Regarding oral cancers, those of other and unspecified parts of tongue (C02), floor of mouth (C04) and palate (C05) showed increasing trends. With the exception of the palate, a region of easy visualization in clinical inspection, other and unspecified parts of tongue and floor of mouth are regions in which screening actions - by visual inspection, to perceive lesions suspected of malignancy - would not be as effective. However, other regions of easy visualization, such as lips, gums and tongue, showed stable trends.

As for oropharyngeal cancers, a region of difficult visualization by clinical inspection, the oropharynx and nasopharynx showed increasing tendencies, and the others, stability, resulting in proportional growth of the group of oropharyngeal cancers as a whole. The explanation for the growing trend of oropharyngeal cancers is the difficulty in diagnosing respective lesions, which probably, when diagnosed, are already in a more advanced stage of development, with a direct impact on the mortality rates for this group. This growth is also reported by another time series study,9 referring to Brazil from 1979 to 2002, with data from the Mortality Information System (SIM).

In health services, a first plausible measure for the attempt to perform an early diagnosis of these cancers would be a clinical inspection of the oral cavity, performed by a professional dentist. Studies on the effectiveness of oral cancer screening actions13-15 have shown that there are no statistically significant differences between the screened group and the control group. However, an intervention study carried out in India demonstrates the effectiveness of screening for the diagnosis of oral cancer at an early clinical stage,16 besides reducing its mortality by 81% in the long term.17 These results reinforce the importance of preventive actions in oral health, stipulated in the Program for Medical Control in Occupational Health, as for example, occupational, admission and periodic dental examinations for workers insured by the INSS.

Regarding tobacco consumption, the 2013 National Health Survey (PNS) indicated a prevalence of smoking in 15% of the Brazilian adult population, which is higher among men (19.2%) than women (11.2%).18 A Brazilian study, based on data from the National Household Sample Survey (PNAD) and conducted by the Brazilian Institute of Geography and Statistics (IBGE) in 2008, showed a higher prevalence of smoking among workers to whom is required less education level and more physical effort, even after adjusting for age, sex and income, which is based on the fact that the occupational activity can be associated with tobacco consumption. PNAD/IBGE findings may also explain the increase in the trends in social benefits for oral and oropharyngeal cancer, as observed in our study, despite the population’s trend to reduce tobacco use; some occupational groups remain with higher prevalence of smoking when compared to those with higher level of schooling and non-manual labor.19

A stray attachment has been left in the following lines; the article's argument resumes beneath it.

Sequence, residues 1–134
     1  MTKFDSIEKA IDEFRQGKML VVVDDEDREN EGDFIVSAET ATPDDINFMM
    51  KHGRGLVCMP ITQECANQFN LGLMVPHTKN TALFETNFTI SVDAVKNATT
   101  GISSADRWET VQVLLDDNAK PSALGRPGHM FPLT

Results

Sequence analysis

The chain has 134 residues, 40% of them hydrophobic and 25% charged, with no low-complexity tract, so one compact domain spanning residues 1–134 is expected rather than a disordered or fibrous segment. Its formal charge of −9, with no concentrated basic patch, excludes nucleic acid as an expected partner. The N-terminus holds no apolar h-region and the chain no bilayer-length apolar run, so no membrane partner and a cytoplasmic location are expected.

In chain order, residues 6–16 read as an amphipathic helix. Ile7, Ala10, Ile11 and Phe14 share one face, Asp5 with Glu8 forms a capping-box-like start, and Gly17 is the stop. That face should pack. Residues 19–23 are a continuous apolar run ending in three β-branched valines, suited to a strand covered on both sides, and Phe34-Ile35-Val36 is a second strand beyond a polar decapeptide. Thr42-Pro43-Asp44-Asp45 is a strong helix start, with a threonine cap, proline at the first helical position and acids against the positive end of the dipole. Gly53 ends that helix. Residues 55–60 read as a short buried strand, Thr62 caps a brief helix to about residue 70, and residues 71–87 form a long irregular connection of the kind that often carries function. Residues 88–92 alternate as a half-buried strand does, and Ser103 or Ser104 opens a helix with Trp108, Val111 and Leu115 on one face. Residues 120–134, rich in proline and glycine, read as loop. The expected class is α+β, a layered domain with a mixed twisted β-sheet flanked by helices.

Antunes et al.,20 in a case control study conducted in the city of São Paulo and that took into account the interaction between alcohol and smoking, showed that (i) the independent effects of alcohol consumption are smaller or are not associated with oral and oropharyngeal cancer, and that (ii) the independent effects of smoking are also reduced, although they are still associated with the disease. Likewise, possible stressors in the workplace tend to contribute to these problems, whether because stress increases the risk of alcohol and tobacco consumption, or because it contributes to an aggression to the body that ends up reducing man’s potential of adaptation to work.20

The consumption of fruits and vegetables, in turn, has been an important protective factor for oral cancer.21 Toporcov et al.,22 also based on a case control study, found that consumption of pork, soup, cheese, bacon and fried foods was a risk factor for oral cancer in the Brazilian population, and consumption of butter and margarine (more than seven times a week), a protective factor. In a study carried out in Australia,23 their data on fruit, vegetable and alcohol consumption need to be interpreted with caution when analyzing protection factors in relation to oral and oropharyngeal cancer, considering that these neoplasms may present the same trends for sex and age, with possible blinding of the effects of a healthy diet.23 In this case, adequate dietary intervention of these workers should be considered, in the form of dietary (re)education, with probable promising results.